Ramesh Raskar is a Senior Research Scientist at MERL. His research interests include projector-based graphics, computational photography and non-photorealistic rendering. His published articles in imaging and photography include topics in multi-flash photography for depth edge detection, image fusion, gradient-domain imaging and projector-camera systems.
Dr. Raskar received the TR100 Award in 2004 which recognizes top 100 innovators under 35 worldwide, Global Indus Technovator Award at MIT in 2003 which recognizes the top 20 Indian technology innovators worldwide, Mitsubishi Electric Valuable Invention Award in 2004 and Mitsubishi Electric Information Technology R&D Award in 2003.
He is the co-organizer of a course on Computational Photography at Siggraph
2005, and teaching a course on Computational Photography at Northeastern University
in Fall 2005. He is the co-chair of the PROCAMS (Projector-camera systems) workshop
at CVPR 2005.
He is a member of the ACM and IEEE.
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I grew up in Rochester, NY, not far from the George Eastman House, whose technical and artistic exhibits made a deep and lasting impression. I received an AB in physics from Brown University and an MA in physics from Wayne State University, then pursued a career in magnetic recording technology at Honeywell, Univac, Kodak, and Storagetek. In 2000 I launched my website, normankoren.com, devoted to technical and artisticaspects of digital photography. In 2004 I launched Imatest, a program for measuring lens sharpness and digital image quality. My current activities consist of developing Imatest and consulting on digital image quality.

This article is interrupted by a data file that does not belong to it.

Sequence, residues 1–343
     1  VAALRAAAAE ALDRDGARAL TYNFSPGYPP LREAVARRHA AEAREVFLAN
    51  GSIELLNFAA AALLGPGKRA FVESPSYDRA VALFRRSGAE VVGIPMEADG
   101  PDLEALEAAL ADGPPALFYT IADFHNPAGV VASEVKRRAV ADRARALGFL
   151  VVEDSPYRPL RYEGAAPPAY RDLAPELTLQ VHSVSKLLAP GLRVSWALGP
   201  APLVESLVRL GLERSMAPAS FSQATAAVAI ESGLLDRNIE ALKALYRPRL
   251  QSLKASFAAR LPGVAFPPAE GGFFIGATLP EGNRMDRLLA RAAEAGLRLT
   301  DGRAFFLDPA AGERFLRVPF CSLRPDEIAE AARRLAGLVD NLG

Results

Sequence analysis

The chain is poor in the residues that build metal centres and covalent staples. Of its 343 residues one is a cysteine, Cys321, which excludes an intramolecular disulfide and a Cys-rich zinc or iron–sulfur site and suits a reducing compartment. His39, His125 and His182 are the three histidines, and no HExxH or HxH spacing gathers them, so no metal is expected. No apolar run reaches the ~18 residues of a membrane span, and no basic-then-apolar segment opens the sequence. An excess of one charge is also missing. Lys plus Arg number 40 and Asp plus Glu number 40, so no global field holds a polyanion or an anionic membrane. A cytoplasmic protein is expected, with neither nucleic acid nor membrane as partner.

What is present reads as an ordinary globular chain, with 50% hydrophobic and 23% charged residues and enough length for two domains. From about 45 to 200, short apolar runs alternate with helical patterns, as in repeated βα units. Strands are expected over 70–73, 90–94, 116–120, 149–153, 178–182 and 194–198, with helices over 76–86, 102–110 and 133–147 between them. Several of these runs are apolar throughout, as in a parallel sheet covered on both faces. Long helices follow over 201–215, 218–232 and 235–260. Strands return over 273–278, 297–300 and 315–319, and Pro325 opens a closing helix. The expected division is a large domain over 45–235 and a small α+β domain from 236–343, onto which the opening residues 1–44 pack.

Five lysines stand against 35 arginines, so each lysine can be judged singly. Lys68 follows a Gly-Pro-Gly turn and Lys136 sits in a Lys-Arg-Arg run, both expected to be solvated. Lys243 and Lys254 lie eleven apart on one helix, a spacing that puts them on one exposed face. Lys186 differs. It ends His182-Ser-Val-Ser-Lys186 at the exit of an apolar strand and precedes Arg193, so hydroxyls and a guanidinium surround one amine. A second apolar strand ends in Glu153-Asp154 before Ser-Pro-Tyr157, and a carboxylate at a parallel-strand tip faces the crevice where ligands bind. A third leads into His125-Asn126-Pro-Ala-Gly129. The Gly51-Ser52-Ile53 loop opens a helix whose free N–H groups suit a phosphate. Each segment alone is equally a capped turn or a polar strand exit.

Vladimir Brajovic is the CEO & Founder of Intrigue Technologies, Inc. a university spin-off that specializes in the next generation of adaptive image sensors for robotic and unmanned systems (www.intriguetek.com). Prior to founding Intrigue, Vladimir served on the research faculty of the Robotics Institute at Carnegie Mellon University where he led the research effort in computational sensors for robot vision (www.cs.cmu.edu/~brajovic). His research interests include analog and mixed-signal VLSI design, robotics, machine vision, biologically motivated robot perception and computation, image sensors, range sensors, real-time embedded vision systems, and optics. In 1996 he received Anton Philips Award for the best paper at the 1996 IEEE International Conference on Robotics and Automation for his early work on VLSI sensors for low-latency adaptive vision. Vladimir holds 2 patents, 2 pending patents and 7 Carnegie Mellon invention disclosures. He is the author of more than 20 technical publications. Vladimir holds Ph.D. in Robotics from Carnegie Mellon, M.S. in Electrical and Computer Engineering from Rutgers University, M.B.A. from Carnegie Mellon, and B.S. in Electrical Engineering from the University of Belgrade, Serbia and Montenegro